The United States has witnessed a series of high-profile cyberattacks in recent years, from hackers hijacking systems for ransom payments to phishing scams targeting vulnerable businesses and individuals.
Yiddy Lemmer, owner of a cybersecurity and IT support company CompuConnect in New York City, says his company has seen a massive increase in attempted attacks against its customers in recent months and that the threats are “very, very real.”
While he can’t say for sure who is behind all the attempted rapes, Lemmer attributes the timing of the surge to Russia’s invasion of Ukraine and the US sanctions against Russia that followed.
But regardless of cybercriminals’ intentions or location, he says there are a number of ways companies can beef up their cybersecurity to protect themselves.
Train employees on how to spot phishing scams
Lemmer says the vast majority of breaches happen through email, so being vigilant about threats and educating employees about those dangers is the first step in being proactive against cyberthreats.
Common scams used by malicious actors include sending links via email that can hijack systems when clicked, posing as the worker’s boss to obtain banking information, or simply guessing easy passwords to gain access to company data. business.
Use strong, unique passwords and multi-factor authentication
Businesses and individuals alike should use password managers like LastPass or Bitwarden that can generate strong passwords on the fly and store them for future use, says Lemmer.
He warns that using the same password for multiple sites leaves people vulnerable because of the frequency with which company sites are breached and their customer data ends up for sale.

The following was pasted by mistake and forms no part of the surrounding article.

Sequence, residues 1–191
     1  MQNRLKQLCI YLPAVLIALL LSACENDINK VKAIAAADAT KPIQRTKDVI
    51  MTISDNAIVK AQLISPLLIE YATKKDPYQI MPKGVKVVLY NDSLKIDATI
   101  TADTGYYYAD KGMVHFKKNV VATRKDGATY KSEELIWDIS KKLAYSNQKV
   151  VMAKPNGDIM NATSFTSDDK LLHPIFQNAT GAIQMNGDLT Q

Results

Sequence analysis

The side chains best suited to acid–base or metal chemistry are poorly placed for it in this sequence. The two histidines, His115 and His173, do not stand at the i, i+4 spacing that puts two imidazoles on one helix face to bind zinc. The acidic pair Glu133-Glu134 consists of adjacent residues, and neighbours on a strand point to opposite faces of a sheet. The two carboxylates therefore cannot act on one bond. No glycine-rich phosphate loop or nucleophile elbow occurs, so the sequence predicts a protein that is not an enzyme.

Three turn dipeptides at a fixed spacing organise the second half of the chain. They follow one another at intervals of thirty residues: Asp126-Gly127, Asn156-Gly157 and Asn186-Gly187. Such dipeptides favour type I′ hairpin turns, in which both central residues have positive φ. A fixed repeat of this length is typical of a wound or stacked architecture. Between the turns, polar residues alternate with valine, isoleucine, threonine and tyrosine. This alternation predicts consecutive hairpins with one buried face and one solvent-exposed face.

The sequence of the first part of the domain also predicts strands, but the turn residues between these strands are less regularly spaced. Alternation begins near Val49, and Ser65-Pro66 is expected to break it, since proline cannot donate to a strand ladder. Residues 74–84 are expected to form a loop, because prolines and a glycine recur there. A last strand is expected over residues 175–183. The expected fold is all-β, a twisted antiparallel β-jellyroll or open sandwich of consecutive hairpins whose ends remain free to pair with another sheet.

“Hackers will dive into the base of that dark web page to get credentials and try to unlock as many doors as they can,” he told FOX Business.
Conduct a cybersecurity audit
Even companies with a dedicated IT specialist can have holes in their online protection, says Lemmer. She recommends that an independent third party conduct an audit to look for weaknesses, because companies like hers that conduct such assessments inevitably find something that needs to be fixed.
Have proper backups in place
“A misconception that people have is that keeping their files in the cloud means they don’t need additional backup,” Lemmer told FOX Business. “The truth is that files in the cloud are just as susceptible to being destroyed in cyberattacks and can be deleted remotely.”
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He says there are direct-to-consumer services that provide secure online backup, and the one he recommends to consumers is Cloud Ally. But companies should look to higher level protections that include compliance services.
Get cyber insurance
Lemmer strongly recommends that businesses obtain a cyber liability insurance policy so that if they were to be hacked, the insurance company can help.
Insurance companies offering these policies have an incentive to get involved not only to reduce or prevent the risk of any ransom demand payments, but also to assist in forensic analysis to see how cybercriminals were able to gain access to a system in the first place. .
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However, Lemmer says that companies that could benefit from those protections should act quickly. He explained: “More and more companies stop offering cyber liability insurance due to the high number of cyber attacks that occur.”